Exploring the Ocmulgee, Oconee, and Flint Rivers of Middle Georgia is not for the faint of heart, but for the adventurer! Whether by kayak, canoe, or motor boat, by hiking on trails or along deeply wooded ridgetops with no paths, or in the sky by helicopter, there are many ways of looking for the long lost traces of Native American mounds and towns, and for those of the American soldiers and early settlers who followed in their wake hundreds and sometimes thousands of years later.
The most important aspect is being fortunate enough to know someone on the ground in any given locale. This person is the key to the success of any exploring archaeologist, and it is they who serve as escort and guide through the snares and tangles not just of briars and brambles, but of local indifference or misapprehension. When it becomes clear that knowledge and the subsequent enrichment of the community are the ONLY goals, then most folks are interested helping sooner or later.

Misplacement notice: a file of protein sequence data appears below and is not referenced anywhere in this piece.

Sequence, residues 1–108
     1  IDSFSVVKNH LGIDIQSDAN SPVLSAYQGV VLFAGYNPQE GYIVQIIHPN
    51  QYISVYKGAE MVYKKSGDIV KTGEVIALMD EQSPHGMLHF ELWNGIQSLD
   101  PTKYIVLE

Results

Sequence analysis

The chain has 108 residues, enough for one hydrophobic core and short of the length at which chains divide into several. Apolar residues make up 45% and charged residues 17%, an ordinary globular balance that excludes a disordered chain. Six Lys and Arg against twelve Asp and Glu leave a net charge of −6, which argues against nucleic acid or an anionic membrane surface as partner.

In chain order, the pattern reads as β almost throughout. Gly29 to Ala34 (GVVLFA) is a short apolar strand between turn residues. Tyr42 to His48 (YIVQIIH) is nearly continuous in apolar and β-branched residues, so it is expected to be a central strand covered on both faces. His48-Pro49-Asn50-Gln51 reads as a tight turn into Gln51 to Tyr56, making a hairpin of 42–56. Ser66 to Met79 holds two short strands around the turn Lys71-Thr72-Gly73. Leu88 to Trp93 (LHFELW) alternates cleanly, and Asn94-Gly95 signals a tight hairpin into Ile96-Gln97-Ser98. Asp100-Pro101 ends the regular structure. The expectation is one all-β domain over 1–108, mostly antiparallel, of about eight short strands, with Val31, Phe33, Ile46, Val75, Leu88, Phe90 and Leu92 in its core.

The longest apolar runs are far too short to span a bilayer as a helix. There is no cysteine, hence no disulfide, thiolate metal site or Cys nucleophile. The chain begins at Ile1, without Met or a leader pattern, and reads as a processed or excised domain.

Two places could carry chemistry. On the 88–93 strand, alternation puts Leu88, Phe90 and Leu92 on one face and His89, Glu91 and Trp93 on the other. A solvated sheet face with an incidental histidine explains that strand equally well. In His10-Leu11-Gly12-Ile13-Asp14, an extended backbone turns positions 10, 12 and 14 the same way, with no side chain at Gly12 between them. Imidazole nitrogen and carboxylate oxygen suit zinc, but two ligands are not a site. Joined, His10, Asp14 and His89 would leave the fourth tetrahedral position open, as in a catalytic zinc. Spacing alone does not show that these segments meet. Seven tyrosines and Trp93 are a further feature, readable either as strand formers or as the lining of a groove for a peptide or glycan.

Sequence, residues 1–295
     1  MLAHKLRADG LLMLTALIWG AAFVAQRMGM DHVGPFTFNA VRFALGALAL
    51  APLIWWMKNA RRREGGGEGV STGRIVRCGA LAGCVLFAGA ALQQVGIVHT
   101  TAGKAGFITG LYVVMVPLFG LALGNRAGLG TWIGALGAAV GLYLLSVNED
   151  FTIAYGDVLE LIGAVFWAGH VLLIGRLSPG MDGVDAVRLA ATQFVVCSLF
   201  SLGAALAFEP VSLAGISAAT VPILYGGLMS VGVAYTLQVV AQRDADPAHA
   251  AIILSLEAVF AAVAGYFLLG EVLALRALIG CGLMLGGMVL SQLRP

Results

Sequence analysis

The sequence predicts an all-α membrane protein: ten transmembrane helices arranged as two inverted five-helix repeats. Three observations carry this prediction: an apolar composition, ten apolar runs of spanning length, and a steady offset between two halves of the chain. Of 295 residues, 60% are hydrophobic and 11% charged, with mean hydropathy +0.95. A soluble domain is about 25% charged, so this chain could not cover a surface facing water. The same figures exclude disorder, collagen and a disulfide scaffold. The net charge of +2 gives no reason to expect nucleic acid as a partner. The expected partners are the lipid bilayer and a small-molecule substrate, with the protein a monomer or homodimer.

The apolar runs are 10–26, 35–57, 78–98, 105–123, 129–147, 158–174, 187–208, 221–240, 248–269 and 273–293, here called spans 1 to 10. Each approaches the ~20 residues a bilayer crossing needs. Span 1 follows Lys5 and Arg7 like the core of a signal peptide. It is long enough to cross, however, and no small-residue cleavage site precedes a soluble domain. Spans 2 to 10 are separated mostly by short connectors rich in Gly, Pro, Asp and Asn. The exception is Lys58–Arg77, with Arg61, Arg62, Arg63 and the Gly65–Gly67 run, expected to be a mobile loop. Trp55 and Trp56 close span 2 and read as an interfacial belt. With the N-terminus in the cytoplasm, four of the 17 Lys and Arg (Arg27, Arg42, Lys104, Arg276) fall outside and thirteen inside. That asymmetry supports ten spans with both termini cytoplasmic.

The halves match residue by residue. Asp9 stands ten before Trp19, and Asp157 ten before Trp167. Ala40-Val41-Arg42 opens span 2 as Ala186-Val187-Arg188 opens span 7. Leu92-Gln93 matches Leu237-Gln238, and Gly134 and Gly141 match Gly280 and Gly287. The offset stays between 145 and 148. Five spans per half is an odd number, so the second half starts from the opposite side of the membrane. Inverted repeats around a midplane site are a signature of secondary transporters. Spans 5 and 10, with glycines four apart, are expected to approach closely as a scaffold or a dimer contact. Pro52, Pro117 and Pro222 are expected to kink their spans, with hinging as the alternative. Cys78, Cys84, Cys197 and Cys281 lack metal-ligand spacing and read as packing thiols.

“If the doors of perception were cleansed every thing would appear to man as it is, Infinite. For man has closed himself up, till he sees all things thro’ narrow chinks of his cavern.”
William Blake, The Marriage of Heaven and Hell, 1790